The chief of police was one of my students, and in another of my classes was his niece, a high school student. I had to be careful not to favor one pupil over another. As an outsider, however, I might not be aware of family relationships among my students. It was typical, I found, that on a small island, local folk might well be related. As long as students attended my class, they were awarded a certificate of “Satisfactory” when they completed the course. Of course, they were already government employees and taking my course was a way to help them brush up their English language skills.
Never having lived on such a faraway island before, I was struck by the fact that every stitch we wore, every pin in the pin box, every nail in the house, had to have come from a mainland somewhere. We were a long way from anywhere. Even from Hawaii, in itself already a far cry from Washington, D. C., the flight to Saipan took about twelve hours. Very little produce was grown on the island, and even tuna fish was imported, in cans from California. Lettuce flown in from the United States cost $2.50 a head. Through the centuries, typhoons sweeping completely over the small island could drench the soil with salt, temporarily wiping out any hopes of growing crops. Our one-story concrete-block house in the government’s Capitol Hill area — solidly built on thirty-five-foot pilings to withstand cyclones — was set high enough that on a clear day we could see across the blue Pacific all the way to the island of Rota, seventy-five miles away. On such days, too, the wide horizon was a pronounced curve, marked enough to discourage any members of the Flat Earth Society and show them the error of their ways.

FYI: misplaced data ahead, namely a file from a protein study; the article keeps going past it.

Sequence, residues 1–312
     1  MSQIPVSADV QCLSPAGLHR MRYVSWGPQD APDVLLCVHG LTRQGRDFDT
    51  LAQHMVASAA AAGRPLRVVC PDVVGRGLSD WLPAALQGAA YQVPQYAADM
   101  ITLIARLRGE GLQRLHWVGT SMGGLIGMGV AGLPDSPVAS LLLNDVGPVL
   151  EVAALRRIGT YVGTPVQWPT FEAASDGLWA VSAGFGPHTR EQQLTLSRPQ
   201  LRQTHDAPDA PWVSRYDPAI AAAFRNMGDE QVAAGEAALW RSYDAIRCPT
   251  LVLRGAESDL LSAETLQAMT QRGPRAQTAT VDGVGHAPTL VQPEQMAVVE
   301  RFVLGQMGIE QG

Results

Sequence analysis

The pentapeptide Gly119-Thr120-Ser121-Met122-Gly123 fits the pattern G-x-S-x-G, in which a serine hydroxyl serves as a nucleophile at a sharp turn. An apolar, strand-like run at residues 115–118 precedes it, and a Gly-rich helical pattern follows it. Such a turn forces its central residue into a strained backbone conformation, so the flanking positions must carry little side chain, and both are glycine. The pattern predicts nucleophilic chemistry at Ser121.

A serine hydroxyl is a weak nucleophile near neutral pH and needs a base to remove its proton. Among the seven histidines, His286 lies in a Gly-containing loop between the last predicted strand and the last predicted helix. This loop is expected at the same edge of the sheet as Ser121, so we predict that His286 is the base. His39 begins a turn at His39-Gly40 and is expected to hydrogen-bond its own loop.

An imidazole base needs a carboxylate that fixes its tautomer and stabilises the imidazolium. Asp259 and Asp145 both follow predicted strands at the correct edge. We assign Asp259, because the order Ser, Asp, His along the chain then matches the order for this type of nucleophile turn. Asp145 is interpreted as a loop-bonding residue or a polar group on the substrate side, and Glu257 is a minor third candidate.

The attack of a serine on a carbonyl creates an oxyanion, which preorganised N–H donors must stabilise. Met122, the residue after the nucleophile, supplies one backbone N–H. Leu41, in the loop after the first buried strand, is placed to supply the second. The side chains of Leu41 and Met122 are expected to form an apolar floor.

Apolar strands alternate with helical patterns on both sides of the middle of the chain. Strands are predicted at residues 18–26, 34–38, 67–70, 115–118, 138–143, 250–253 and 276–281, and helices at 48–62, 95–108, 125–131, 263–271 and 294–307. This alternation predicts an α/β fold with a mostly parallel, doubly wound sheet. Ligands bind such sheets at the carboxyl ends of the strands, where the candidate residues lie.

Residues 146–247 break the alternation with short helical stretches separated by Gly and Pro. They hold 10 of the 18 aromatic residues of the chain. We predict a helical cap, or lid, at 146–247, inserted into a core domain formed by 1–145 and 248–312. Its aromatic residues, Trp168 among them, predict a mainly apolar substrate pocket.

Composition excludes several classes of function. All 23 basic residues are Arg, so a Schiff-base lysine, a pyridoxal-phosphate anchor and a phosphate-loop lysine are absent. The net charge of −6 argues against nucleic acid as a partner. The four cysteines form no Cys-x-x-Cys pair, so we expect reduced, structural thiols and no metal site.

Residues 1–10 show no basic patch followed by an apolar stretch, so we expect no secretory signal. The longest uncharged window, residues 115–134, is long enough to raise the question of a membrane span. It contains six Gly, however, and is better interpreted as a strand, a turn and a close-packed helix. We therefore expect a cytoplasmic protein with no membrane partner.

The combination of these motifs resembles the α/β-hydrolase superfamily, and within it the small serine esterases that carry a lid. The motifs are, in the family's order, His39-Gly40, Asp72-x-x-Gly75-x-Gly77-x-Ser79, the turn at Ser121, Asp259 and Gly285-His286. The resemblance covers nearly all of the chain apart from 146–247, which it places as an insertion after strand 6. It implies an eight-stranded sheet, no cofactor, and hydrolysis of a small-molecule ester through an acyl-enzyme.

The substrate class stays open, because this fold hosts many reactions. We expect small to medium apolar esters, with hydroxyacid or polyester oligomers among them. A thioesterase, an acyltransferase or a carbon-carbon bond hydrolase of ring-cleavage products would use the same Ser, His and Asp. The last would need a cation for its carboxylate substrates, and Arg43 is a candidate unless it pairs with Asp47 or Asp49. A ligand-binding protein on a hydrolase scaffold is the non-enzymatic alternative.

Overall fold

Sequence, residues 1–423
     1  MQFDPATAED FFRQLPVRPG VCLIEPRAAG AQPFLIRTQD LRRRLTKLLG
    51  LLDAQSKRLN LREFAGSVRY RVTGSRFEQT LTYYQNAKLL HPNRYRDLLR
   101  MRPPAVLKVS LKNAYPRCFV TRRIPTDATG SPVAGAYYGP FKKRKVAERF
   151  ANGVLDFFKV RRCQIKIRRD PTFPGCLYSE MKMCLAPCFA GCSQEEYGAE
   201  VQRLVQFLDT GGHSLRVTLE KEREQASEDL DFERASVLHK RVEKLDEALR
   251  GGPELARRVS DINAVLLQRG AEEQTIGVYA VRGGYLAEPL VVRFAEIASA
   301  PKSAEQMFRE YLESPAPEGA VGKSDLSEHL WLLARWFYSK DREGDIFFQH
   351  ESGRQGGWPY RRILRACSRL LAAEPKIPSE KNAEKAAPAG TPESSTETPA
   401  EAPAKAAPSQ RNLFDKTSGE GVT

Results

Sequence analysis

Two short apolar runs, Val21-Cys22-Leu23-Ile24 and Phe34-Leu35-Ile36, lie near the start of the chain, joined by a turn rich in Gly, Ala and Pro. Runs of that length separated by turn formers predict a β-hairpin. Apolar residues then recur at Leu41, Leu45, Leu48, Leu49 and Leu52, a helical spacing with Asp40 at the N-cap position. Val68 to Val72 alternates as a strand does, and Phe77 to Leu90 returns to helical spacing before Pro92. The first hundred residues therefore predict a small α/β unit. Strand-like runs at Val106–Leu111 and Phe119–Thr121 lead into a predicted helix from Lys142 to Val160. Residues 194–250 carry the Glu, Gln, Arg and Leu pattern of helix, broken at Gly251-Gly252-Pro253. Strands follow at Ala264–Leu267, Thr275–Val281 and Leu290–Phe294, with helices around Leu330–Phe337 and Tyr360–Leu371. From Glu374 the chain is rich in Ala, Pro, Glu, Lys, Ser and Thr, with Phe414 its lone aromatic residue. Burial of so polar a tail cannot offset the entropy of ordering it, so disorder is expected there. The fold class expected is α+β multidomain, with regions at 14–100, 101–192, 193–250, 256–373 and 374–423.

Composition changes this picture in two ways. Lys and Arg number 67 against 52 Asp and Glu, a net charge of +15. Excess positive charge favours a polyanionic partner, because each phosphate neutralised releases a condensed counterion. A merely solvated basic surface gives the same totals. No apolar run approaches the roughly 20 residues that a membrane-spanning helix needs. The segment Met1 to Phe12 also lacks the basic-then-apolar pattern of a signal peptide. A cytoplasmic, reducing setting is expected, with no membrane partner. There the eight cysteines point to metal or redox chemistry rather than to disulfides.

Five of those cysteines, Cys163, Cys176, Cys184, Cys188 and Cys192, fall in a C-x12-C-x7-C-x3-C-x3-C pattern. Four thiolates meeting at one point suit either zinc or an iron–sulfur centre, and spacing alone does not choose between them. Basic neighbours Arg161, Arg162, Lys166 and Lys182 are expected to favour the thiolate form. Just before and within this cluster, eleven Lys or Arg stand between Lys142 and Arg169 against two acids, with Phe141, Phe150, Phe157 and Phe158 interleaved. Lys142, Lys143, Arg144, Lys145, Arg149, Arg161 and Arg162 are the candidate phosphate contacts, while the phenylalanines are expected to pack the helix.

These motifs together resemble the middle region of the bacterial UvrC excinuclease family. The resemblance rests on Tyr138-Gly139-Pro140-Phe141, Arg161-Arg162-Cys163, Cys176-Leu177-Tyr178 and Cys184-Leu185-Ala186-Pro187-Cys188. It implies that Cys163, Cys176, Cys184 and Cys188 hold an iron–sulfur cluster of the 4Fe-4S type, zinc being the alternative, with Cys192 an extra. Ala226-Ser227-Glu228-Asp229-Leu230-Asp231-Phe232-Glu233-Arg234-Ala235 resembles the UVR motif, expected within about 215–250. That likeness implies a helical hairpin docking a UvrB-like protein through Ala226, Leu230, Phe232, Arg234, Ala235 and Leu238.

|The author, on the Saipan beach|